Community Stories

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Susan Corbett: Improving Business and Medicine in Machias and Beyond


When Susan Corbett moved her medical billing business to Jonesport in 1998, she had a problem. Her internet-intensive business needed more access at higher speeds than available. "Why can't we do this ourselves?" she asked. Today, she owns Axiom Technologies, a local telecommunications company supported with ConnectME funding, that began in 2005 to provide wireless, high-speed broadband service over a 2500-mile stretch of Downeast Maine previously unserved. "Our mission," she says, "is to provide broadband to the unserved homes and businesses in Washington County and rural Maine. We will not stop until this is accomplished!"

What kinds of good things became possible as a result? Axiom received a federal grant part of which was to encourage and support broadband-related education and employment in Washington County. Soon, a distance-learning program for nurses was in place. "Today," Susan says, "the College of Nursing and Health Professions in Lewiston, ME is transmitting via video conferencing an RN course to Downeast Community Hospital in Machias, so that a 25 bed, critical care hospital is now a teaching facility." That's what broadband can do for your community.

Steve and Katie Shaffer, Black Dinah Chocolatiers, Isle au Haut


How do you do business as a chocolatier when you live on a small island of about 40 year-round residents 45 minutes by ferry to the mainland? "We couldn't without broadband." says Steve Shaffer, co-owner with his wife, Katie, of Black Dinah Chocolatiers. We have a shop and café open during the season, but 75% of our sales are over the internet, to places like California, which is one of our top 5 shipping destinations. Because we don't see our customers directly, it's so important for us to be able to communicate with them through Facebook, our blog, and our website."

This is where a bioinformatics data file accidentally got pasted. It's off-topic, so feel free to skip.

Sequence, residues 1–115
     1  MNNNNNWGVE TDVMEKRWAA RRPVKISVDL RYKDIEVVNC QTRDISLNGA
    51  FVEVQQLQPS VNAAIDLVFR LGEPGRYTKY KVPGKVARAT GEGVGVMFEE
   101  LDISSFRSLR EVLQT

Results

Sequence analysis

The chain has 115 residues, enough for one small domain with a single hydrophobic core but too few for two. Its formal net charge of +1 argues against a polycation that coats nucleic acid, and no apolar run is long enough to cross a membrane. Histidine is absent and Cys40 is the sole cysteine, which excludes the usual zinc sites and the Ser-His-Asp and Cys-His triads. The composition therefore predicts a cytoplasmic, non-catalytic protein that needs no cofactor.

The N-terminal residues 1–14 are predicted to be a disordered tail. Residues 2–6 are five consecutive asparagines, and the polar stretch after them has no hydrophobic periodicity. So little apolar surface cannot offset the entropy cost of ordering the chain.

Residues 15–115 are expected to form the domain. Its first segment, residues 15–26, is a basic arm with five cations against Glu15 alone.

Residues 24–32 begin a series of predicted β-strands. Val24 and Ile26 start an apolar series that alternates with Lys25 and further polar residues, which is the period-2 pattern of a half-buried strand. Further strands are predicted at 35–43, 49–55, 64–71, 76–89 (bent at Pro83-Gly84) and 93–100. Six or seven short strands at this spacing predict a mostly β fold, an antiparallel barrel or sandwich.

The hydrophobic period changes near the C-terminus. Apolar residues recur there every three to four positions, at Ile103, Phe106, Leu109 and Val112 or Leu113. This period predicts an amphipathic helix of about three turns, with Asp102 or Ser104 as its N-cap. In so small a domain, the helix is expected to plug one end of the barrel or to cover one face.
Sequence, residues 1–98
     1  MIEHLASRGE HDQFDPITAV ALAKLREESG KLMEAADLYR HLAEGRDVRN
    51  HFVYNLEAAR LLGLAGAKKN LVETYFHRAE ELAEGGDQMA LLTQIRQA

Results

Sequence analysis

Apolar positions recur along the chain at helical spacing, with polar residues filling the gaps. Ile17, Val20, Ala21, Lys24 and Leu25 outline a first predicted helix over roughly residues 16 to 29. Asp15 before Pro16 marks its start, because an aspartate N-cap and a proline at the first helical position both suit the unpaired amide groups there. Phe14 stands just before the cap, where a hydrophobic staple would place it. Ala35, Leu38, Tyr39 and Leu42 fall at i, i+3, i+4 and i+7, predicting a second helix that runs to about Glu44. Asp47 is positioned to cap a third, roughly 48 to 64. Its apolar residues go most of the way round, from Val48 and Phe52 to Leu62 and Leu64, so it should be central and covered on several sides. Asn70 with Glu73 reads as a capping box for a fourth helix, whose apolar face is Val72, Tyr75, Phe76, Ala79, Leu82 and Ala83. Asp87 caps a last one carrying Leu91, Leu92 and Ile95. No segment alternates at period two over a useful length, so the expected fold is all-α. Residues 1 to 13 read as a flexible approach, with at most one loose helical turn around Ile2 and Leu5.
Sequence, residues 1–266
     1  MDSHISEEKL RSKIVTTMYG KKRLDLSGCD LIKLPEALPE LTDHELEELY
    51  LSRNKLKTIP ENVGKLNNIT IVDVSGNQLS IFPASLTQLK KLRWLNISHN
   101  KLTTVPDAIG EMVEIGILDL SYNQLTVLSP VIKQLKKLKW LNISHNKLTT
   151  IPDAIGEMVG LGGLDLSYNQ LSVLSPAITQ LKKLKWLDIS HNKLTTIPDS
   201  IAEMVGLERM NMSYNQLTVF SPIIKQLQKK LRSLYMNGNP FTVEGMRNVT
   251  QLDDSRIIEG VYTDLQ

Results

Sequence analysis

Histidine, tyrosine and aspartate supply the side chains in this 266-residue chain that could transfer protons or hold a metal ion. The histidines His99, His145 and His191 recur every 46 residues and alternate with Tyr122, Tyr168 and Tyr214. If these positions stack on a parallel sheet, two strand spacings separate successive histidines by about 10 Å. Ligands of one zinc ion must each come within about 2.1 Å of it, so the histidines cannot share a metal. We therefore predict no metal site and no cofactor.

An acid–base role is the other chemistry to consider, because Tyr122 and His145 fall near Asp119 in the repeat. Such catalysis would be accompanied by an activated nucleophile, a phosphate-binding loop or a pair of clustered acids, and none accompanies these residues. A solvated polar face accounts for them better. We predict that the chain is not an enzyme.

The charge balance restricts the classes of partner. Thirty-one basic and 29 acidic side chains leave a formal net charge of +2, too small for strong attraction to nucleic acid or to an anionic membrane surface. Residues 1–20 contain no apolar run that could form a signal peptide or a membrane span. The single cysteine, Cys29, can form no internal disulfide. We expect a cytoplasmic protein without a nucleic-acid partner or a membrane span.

The Shaffers, not only as business owners but as a family, are strong believers in the traditions of island life and living, and that supporting services like broadband through ConnectME grants to pay for expensive infrastructure is worth it. "We would have had to leave without it," says Steve, "but now we can stay and grow."

Don and Kim Roos, Hatch Knoll Farm, Jonesboro


Wild blueberries, goat cheese, organic vegetables, raspberries and strawberries, heirloom chickens—Don and Kim and their children have lots to tend to on their 200-acre Jonesboro farm. Benefiting from a ConnectME "last mile" grant, which helped a local service provider make wireless access available all over the Roos land, Don and Kim lug their "hardened laptop" out into the field for many purposes. "We use that machine and our broadband all the time," Don says, "and it helps us make the farm work, everything from designing the labels on our fruit spreads to mapping our fields with GPS for crop rotation, planting and harvesting records, what we need to be certified organic."

Julie McQueen, Moving Mountains to Bring Broadband to Sweden

Julie McQueen

"With only dial-up service," Julie McQueen points out, "you can't make plane reservations on your computer, get the weather for safe travel, work from home, or use most state websites. I can't even open my garden club's email newsletter!" Living in mountainous Sweden on the New Hampshire border, she shared her frustration with all of her neighbors. Beginning in 2005, they began to advocate for help from a service provider, without luck. Julie persisted, calling on local and regional officials, state senators, then Olympia Snowe, numerous federal agencies until, six years later, nearly 120 letters of support in hand, she finally found an ally in Governor LePage, who brought Fairpoint Communications on board.

"The Sweden project," says ConnectME's Lisa Leahy, "ended up being one of the larger projects we've ever done, serving 240 lines, with $280 thousand of ConnectME funds, for a total project cost of $350 thousand. So, we kicked in a lot and Julie really worked hard to get that."